When I first ran across the saying attributed to Anne Herbert – “Practice random acts of kindness and senseless acts of beauty,” I liked the concept so much I started practicing it. I’d put carts into the cart corral; straighten labels and fill in holes on the shelves at the grocery store; entertain little kids whose parents were in the same line as I was by making absurd faces and getting them to giggle; straighten up coworkers’ work areas; scrape my own windshield clean of frost and snow and then go around and scrape the car windows of my coworkers who (apparently) didn’t have scrapers since they were either waiting for the car to warm up enough that the heater could do the job, or they were chipping away with a credit card or something. Eventually that practice became a habit. But somewhere along the way, my motivation shifted from “being kind” to “it’s a job that needs doing, so I’m doing it.” And over time, I stopped. Partly it was because I didn’t have a solid reason anymore to combat the embarrassment when my former best friend would make fun of me or deride me for “doing someone else’s job.” Partly because I got lazy. And partly because I was tired of being taken for granted.
One of our exercises this week is to practice random acts of kindness, and I admit, I breathed a sigh of resignation to myself on hearing that. I’d ‘been there’ and ‘done that’ and didn’t have lasting pleasant associations with it. But, it was a requirement, as was reporting about it.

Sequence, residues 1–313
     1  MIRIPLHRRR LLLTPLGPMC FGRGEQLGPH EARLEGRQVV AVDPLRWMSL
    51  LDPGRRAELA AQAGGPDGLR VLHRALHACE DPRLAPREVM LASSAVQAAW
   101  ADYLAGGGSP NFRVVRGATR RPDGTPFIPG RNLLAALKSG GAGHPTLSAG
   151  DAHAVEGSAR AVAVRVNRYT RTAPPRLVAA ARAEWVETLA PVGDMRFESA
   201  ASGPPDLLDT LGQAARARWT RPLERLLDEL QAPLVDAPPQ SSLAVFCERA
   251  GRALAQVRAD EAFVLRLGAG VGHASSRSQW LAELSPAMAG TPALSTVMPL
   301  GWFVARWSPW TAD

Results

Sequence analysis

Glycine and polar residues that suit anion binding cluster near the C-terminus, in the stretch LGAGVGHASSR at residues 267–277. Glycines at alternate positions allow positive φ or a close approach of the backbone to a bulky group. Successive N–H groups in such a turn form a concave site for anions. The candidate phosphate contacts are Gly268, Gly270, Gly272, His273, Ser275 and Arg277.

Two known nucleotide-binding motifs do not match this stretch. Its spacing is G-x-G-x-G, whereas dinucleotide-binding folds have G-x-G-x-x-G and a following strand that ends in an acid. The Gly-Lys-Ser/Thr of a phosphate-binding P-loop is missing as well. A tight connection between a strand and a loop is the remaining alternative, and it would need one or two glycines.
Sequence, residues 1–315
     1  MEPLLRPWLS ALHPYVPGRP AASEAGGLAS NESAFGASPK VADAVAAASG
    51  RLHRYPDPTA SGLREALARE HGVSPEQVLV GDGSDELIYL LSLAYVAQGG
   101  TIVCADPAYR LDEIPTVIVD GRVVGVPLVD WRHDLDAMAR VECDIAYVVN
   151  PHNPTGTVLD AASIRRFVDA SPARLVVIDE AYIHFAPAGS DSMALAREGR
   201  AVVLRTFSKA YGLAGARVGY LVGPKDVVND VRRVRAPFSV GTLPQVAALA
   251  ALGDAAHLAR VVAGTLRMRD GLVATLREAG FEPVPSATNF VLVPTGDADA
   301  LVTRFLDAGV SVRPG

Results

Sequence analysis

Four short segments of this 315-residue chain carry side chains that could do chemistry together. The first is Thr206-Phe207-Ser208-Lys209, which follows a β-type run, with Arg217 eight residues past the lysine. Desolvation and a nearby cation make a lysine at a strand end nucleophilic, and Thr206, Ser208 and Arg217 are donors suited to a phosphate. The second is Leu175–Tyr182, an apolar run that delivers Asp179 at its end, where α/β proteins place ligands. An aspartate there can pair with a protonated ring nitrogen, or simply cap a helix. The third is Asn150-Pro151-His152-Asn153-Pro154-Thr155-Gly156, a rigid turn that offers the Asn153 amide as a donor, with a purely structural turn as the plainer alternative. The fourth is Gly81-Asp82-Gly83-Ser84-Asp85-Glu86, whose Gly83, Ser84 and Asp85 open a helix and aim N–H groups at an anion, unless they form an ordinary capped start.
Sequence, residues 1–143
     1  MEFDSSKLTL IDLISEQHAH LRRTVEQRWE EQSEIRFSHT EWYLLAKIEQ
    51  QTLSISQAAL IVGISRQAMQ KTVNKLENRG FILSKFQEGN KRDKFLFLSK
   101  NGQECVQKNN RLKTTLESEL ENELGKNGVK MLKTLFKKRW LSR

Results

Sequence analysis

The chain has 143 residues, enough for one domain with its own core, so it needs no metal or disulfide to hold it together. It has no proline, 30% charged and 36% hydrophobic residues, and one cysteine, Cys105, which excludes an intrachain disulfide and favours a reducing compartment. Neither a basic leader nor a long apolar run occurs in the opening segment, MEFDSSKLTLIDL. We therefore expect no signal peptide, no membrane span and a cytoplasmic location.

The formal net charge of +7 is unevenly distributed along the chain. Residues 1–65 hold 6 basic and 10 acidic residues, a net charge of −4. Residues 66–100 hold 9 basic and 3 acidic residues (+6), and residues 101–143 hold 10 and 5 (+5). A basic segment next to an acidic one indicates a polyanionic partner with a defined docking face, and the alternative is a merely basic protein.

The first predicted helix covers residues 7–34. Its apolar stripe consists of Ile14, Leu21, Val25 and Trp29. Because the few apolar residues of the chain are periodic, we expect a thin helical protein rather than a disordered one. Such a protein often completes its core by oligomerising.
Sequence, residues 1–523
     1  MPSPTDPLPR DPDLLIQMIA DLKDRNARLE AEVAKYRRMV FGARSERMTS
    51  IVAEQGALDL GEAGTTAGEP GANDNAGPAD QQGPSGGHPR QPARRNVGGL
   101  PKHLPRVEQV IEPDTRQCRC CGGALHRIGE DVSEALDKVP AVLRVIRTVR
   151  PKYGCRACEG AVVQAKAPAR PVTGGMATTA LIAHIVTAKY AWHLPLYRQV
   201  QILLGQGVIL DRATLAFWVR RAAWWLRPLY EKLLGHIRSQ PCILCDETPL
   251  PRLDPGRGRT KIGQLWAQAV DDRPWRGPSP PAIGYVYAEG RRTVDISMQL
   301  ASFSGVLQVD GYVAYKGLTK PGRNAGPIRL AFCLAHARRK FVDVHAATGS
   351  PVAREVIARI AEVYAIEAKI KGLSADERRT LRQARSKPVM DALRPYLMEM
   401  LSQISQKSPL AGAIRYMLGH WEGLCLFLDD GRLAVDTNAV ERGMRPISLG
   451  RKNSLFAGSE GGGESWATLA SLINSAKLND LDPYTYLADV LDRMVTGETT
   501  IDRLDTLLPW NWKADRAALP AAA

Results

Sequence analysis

I did have a problem with the “secret” portion of it. I can hold my silence when the matter is an important one, but I’m an awful conspirator. Surprise birthday parties, for example. If I’m in the know about one of those, my only hope to avoid giving away the game is to avoid the subject entirely. And the few times I’ve been involved in one of those “Secret Santa” things… let’s just say that nobody had any trouble figuring me out.
Still. It was part of the MKMMA course, therefore I was going to do my best.
So I went back to being randomly kind. And after the first day or two, I realized why it was I’d stopped in the first place. Let me tell you, the act might have the same appearance, but the result completely differs depending on the motivations!
Being kind for the sake of being kind is fun. And as soon as I restructured the reason I was doing what I had done in the normal course of things for years, I started seeing kindness everywhere. From drivers who allow traffic to merge in front of them to the way people do their jobs – are they smiling? Cheerful? Do they offer a word or two of conversation as you interact with them? Are they offering a step or two above the “average” level of service? Because cashiers, doctors and nurses, gas station attendants, the folks who work at fast food places, they don’t have to be cheerful, y’know. Or even helpful. It’s possible to do the bare minimum out of a desire for a paycheck and still not annoy people enough that they complain about it.